August 26, 2019
Benjamin used pit strategy and good restarts to win 2019 Oxford 250
Watching Travis Benjamin from Morrill, win his 3rd Oxford 250 was interesting to say the least. Benjamin did not race at the 2nd Annual Firecracker 200 at Spud Speedway choosing instead to concentrate on preparing one of his favorite cars for the Oxford 250. His best finish in 2019 was a fifth at Thunder Road Speedbowl earlier in the season.
He held off two charges for the front position by Derek Griffith, Hudson, New Hampshire, after a caution with 12 laps to go and another with only 4 laps left. The race was won by .418 seconds over Griffith and earned Benjamin around $29,000 with lap money.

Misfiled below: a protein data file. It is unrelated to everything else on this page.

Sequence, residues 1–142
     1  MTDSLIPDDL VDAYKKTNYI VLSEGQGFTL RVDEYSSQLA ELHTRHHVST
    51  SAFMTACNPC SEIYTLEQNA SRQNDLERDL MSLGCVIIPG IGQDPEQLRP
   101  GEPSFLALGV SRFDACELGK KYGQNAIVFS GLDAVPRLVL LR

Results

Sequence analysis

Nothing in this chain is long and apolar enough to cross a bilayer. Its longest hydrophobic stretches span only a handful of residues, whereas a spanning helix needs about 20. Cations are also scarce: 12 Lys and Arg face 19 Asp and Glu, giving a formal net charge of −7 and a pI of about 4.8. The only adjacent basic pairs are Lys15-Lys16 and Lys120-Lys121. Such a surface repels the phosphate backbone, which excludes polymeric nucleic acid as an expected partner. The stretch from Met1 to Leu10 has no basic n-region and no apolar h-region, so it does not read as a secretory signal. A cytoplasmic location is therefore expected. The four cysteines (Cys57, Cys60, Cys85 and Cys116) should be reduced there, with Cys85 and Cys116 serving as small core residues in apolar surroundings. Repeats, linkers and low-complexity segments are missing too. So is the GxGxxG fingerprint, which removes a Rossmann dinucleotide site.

- Travis Benjamin, Morrill, ME
- Derek Griffith, Hudson, NH
- DJ Shaw, Center Conway, NH
- Johnny Clark, Farmingdale, ME
- Mike Hopkins, Hermon, ME
My pick Nick Sweet finished 11th.
Comments from Gary Saucier, Fort Fairfield, writer of Two Blokes at the Oxford 250 was at the race, and acted as my “remote eyes”. His comments, “The race was very competitive I thought, with few cautions. Pollard did not have the speed this year as he did last and was not a factor.”
“Alan Tardiff was very impressive and looked like a potential winner after leading about 80 laps or so mid-race but then had to pit. That gave the lead over to Travis Benjamin who withstood challenges from Cassius Clark, D.J. Shaw, and Derek Griffith.”